Arts & Entertainment

2nd century AD funerary altar of teenage girl discovered in Rome

Rome, May 3 (EFE).- A funerary altar indicating the location of the remains of Valeria, a 13-year-old girl who died in the 2nd century AD, has been discovered during archaeological excavations carried out in Rome.

The new excavations have revealed a funerary building with urns embedded in the walls dating back to the 2nd century, the Special Superintendence of Archeology of Rome announced.

Two meters below Luigi Tosti Street, a perfectly preserved white marble funerary altar with an epigraph that reads “Valeria Laeta, daughter of P[ublio] lived 13 years and 7 months” according to the experts’ translation.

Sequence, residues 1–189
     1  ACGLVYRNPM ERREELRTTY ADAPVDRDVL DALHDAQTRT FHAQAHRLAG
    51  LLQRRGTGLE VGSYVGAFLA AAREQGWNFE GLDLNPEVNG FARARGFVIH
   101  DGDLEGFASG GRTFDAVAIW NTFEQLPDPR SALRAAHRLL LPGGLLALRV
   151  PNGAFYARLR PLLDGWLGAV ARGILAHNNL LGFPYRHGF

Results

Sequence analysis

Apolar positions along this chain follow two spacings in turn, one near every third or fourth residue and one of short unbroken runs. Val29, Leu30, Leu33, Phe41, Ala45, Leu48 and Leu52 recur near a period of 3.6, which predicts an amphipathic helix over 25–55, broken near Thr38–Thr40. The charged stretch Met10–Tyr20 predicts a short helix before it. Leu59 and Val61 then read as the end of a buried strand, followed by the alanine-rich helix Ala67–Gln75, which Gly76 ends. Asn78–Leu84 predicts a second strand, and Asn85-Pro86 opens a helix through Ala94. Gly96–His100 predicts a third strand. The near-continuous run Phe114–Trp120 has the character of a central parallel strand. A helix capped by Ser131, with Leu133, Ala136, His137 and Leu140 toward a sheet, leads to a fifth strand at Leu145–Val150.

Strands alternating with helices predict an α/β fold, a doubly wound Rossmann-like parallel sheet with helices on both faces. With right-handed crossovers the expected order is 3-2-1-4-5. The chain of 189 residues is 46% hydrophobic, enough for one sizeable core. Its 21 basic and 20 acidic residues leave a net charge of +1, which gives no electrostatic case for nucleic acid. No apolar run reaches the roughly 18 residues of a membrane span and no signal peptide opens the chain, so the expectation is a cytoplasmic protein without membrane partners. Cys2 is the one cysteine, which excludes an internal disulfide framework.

Some fragments of a white marble sarcophagus have been discovered, with one of the pieces having a well-preserved bas-relief of a hunting scene: a lioness and a hunter on horseback, the culture ministry said in a statement.

According to experts, the small columbarium was built in tuff, a porous and light limestone, and was made up of 80-centimeter-high walls covered with an excellently crafted brick cladding.

The building was found collapsed and badly damaged, so it might have been mechanically pulled down during the urbanization of the district in the 1930s. EFE


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